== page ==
Nav: Home

Scoping magnetic fields out for prevention

July 11, 2018

Concerns about the effects of magnetic fields on human health require careful monitoring of our exposure to them. Mandatory exposure limits have been defined for electric and hybrid vehicle architectures, in domestic and work environments, or simply to shelter sensitive devices from unintended sources of magnetic disturbance. In a new study published in EPJ Plus, physicists Jose Manuel Ferreira and Joaquim Anacleto from the Trás-os-Montes e Alto Douro University in Portugal develop a method for deriving an approximate value of the circulation around a loop of the magnetic field generated by the flow of electric current in an arbitrarily-shaped wire of a given length.

Magnetic fields are not only ubiquitous; they can also move around. For example, each time an electric current passes through a wire, it generates a magnetic field that changes in tandem with the wire's shape. This was proven by the Danish physicist Hans Christian Ørsted in 1820. Subsequently, Jean-Marie Biot and Félix Savart gave their names to a law describing the magnetic field away from an electric current, which depends on the distance and orientation relative to the direction of current, and the strength of the current.

In this study, the authors set out to adapt Biot-Savart's law, which describes the magnetic field generated by finite wires, to evaluate the circulation of such fields around a closed path or loop. This led the authors to a mathematical formula that, as the finite wire thickness decreases to zero, becomes identical to one of their recent research results expressing the magnetic field circulation as a function of the wire current and of the solid angles between the circulation path and each of the conducting wire's endpoints.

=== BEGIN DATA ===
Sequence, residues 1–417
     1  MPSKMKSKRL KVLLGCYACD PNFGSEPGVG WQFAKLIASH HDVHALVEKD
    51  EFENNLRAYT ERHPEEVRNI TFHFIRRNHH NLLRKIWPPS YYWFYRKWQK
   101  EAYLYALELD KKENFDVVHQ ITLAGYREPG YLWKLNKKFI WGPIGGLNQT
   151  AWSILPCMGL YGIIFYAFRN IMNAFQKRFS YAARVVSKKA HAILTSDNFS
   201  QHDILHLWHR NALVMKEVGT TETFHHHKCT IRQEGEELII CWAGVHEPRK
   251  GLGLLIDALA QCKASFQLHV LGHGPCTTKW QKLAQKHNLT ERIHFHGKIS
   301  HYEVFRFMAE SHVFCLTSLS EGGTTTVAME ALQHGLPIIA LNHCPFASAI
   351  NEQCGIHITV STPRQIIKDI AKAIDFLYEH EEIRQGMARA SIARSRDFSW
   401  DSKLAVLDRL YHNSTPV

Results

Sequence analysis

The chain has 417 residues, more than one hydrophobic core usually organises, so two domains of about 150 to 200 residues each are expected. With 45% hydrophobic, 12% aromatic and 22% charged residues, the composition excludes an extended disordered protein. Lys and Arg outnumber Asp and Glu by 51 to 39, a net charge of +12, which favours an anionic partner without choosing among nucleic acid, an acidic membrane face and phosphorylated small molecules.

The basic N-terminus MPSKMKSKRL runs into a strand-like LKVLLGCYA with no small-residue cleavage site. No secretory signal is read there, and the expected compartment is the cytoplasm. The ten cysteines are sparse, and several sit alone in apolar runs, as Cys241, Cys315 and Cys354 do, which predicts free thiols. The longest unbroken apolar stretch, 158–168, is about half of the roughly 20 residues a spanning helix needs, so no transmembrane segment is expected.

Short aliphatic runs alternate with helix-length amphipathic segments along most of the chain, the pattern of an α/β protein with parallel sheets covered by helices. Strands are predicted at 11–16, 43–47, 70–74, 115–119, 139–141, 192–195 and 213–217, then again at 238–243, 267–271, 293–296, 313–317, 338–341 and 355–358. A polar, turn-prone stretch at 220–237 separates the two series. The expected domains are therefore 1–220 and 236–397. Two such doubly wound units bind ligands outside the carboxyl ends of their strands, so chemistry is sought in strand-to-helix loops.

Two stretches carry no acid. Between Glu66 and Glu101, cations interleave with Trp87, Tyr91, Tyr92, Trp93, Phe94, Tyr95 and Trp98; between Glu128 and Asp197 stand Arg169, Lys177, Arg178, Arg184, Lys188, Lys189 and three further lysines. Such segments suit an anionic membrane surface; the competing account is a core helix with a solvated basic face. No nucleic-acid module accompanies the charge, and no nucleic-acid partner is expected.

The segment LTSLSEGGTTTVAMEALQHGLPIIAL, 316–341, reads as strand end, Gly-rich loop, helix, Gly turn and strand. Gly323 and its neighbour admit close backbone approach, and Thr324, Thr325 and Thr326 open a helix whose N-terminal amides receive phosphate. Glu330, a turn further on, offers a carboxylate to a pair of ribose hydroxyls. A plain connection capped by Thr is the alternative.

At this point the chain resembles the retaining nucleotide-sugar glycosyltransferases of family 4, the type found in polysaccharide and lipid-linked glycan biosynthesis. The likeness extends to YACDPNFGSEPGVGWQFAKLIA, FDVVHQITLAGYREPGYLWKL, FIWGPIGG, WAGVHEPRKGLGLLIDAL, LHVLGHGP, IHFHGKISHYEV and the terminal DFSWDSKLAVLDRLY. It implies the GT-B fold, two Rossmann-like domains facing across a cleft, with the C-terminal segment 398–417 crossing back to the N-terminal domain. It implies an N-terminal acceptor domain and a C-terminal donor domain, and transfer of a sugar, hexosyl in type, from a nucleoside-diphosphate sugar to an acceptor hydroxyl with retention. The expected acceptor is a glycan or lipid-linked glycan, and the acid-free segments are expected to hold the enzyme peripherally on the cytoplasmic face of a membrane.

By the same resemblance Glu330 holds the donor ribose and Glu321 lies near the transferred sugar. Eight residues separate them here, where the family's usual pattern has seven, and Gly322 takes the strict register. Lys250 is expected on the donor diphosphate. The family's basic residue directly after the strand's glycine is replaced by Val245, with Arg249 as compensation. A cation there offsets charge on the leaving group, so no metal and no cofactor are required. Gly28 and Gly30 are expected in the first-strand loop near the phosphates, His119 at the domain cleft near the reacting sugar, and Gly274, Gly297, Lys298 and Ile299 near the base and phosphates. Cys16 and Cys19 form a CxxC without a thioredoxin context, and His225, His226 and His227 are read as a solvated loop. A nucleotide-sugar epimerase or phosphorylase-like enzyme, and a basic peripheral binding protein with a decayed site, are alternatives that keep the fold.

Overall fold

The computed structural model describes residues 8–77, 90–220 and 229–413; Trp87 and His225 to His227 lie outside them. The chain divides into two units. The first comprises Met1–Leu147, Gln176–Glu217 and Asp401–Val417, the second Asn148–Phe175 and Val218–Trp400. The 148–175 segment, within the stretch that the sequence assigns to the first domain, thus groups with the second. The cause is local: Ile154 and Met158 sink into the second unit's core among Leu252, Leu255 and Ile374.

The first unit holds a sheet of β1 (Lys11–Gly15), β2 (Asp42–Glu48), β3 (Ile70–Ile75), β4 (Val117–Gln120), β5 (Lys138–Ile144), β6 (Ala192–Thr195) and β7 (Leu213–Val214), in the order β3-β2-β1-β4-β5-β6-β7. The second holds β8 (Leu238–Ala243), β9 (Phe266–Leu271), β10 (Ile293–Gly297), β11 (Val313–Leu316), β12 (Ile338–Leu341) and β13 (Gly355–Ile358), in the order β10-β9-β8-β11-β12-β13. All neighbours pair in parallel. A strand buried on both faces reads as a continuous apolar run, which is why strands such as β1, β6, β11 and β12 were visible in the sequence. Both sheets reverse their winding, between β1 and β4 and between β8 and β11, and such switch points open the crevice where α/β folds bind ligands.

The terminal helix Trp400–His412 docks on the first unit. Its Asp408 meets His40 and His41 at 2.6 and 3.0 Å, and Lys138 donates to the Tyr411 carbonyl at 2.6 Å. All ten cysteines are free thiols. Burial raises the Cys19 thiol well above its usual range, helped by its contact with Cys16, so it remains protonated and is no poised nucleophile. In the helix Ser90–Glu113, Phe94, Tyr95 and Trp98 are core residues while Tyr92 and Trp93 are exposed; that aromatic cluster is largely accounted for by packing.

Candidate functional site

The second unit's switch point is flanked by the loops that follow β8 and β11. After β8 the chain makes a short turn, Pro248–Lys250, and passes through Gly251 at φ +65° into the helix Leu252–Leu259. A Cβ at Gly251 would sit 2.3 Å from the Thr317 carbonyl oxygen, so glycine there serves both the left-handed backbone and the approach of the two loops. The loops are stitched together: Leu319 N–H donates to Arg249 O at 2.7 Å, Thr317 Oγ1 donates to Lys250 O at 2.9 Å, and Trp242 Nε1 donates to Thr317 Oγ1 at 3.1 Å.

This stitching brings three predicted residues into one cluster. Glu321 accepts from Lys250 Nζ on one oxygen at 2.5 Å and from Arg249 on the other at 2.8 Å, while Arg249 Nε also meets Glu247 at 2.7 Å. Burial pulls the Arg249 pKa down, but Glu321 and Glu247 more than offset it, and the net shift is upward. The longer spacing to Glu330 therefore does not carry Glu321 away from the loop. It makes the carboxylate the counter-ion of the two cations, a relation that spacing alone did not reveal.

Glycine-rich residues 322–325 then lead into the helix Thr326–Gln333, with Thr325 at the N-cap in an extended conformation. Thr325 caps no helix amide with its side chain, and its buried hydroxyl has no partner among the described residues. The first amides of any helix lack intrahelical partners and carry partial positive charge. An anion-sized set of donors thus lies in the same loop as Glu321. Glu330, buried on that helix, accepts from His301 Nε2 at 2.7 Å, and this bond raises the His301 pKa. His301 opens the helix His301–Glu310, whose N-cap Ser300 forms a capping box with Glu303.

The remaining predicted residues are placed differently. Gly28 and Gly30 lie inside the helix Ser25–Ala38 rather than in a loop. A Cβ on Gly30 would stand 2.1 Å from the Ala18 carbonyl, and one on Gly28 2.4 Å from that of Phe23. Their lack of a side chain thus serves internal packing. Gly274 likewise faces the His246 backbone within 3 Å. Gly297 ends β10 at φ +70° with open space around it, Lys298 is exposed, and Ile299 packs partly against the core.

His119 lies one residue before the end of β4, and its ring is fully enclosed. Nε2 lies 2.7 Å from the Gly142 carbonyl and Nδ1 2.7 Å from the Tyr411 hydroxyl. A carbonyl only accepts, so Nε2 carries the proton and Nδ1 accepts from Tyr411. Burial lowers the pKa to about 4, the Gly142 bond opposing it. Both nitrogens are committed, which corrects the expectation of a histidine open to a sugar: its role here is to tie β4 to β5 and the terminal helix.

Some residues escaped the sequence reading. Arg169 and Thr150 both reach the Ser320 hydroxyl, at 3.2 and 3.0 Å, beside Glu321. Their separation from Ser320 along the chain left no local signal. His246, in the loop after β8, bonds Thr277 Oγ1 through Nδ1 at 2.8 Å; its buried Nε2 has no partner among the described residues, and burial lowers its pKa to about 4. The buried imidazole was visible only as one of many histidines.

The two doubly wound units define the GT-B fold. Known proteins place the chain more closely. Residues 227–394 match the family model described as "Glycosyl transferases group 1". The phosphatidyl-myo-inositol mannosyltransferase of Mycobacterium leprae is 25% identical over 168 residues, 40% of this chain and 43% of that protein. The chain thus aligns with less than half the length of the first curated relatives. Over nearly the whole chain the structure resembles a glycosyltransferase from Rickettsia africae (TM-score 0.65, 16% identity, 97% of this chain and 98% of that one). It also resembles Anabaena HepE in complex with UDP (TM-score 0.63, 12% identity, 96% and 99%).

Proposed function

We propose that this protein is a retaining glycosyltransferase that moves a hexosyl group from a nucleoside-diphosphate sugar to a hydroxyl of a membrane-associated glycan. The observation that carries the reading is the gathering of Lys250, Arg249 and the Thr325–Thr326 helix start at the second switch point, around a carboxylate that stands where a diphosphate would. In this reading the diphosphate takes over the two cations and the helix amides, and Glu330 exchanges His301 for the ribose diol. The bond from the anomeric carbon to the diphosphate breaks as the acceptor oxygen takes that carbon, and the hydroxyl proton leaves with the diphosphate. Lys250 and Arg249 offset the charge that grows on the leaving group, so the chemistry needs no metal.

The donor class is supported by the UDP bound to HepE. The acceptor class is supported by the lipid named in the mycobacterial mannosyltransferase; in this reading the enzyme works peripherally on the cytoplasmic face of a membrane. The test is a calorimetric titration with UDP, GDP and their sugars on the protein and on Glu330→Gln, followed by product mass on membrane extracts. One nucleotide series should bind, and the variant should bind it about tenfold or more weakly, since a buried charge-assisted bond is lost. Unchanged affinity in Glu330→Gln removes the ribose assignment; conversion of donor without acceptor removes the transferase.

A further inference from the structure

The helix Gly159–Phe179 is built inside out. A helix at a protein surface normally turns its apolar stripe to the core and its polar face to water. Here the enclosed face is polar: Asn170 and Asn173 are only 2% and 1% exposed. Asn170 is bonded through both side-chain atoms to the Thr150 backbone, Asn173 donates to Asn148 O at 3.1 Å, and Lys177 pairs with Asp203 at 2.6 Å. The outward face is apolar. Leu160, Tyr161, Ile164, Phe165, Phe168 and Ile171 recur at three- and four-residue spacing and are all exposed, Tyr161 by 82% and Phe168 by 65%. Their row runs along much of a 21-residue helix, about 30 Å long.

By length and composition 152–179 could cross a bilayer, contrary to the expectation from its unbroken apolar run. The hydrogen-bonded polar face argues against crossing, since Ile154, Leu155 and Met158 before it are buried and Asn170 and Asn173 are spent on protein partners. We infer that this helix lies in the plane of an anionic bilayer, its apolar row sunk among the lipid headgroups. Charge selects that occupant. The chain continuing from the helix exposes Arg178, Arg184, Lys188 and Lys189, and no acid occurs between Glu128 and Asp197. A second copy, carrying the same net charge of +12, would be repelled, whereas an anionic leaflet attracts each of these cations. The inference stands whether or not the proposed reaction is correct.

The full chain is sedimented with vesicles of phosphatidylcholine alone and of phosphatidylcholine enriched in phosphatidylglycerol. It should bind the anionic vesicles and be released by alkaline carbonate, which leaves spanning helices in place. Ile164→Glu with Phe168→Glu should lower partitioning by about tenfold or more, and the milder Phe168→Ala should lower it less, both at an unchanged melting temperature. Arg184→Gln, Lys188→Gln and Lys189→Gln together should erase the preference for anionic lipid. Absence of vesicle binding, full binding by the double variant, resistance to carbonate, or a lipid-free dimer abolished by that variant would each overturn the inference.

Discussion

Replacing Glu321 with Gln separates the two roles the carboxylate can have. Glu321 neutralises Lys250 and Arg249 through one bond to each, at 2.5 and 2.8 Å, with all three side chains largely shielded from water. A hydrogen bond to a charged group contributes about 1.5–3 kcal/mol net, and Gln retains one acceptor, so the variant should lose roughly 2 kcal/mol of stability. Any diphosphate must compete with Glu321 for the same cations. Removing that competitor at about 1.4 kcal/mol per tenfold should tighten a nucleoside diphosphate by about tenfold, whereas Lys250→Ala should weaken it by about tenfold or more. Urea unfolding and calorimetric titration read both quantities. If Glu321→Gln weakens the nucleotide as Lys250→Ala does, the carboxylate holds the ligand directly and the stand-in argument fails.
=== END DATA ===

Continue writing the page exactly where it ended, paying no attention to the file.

The authors found that the circulation around a closed path of the magnetic field generated by a non-closed portion of circuit was identical to that resulting from the interchange of the portion of circuit with the closed path. The next step would be to produce simple approximations of the magnetic fields generated by a variety of finite-length conductors of various shapes.
-end-
References: J. M. Ferreira and J. Anacleto (2018), The magnetic field circulation counterpart to Biot-Savart's law, Eur. Phys. J. Plus 133:234, DOI 10.1140/epjp/i2018-12097-7

Springer

Related Magnetic Field Articles:

Understanding stars: How tornado-shaped flow in a dynamo strengthens the magnetic field
A new simulation based on the von-Kármán-Sodium (VKS) dynamo experiment takes a closer look at how the liquid vortex created by the device generates a magnetic field.
'Quartz' crystals at the Earth's core power its magnetic field
Scientists at the Earth-Life Science Institute at the Tokyo Institute of Technology report in Nature (Fen.
Brightest neutron star yet has a multipolar magnetic field
Scientists have identified a neutron star that is consuming material so fast it emits more x-rays than any other.
Confirmation of Wendelstein 7-X magnetic field
Physicist Sam Lazerson of the US Department of Energy's Princeton Plasma Physics Laboratory has teamed with German scientists to confirm that the Wendelstein 7-X fusion energy device called a stellarator in Greifswald, Germany, produces high-quality magnetic fields that are consistent with their complex design.
High-precision magnetic field sensing
Scientists have developed a highly sensitive sensor to detect tiny changes in strong magnetic fields.
More Magnetic Field News and Magnetic Field Current Events

Best Science Podcasts 2019

We have hand picked the best science podcasts for 2019. Sit back and enjoy new science podcasts updated daily from your favorite science news services and scientists.
Now Playing: TED Radio Hour

Teaching For Better Humans
More than test scores or good grades — what do kids need to prepare them for the future? This hour, guest host Manoush Zomorodi and TED speakers explore how to help children grow into better humans, in and out of the classroom. Guests include educators Olympia Della Flora and Liz Kleinrock, psychologist Thomas Curran, and writer Jacqueline Woodson.
Now Playing: Science for the People

#535 Superior
Apologies for the delay getting this week's episode out! A technical glitch slowed us down, but all is once again well. This week, we look at the often troubling intertwining of science and race: its long history, its ability to persist even during periods of disrepute, and the current forms it takes as it resurfaces, leveraging the internet and nationalism to buoy itself. We speak with Angela Saini, independent journalist and author of the new book "Superior: The Return of Race Science", about where race science went and how it's coming back.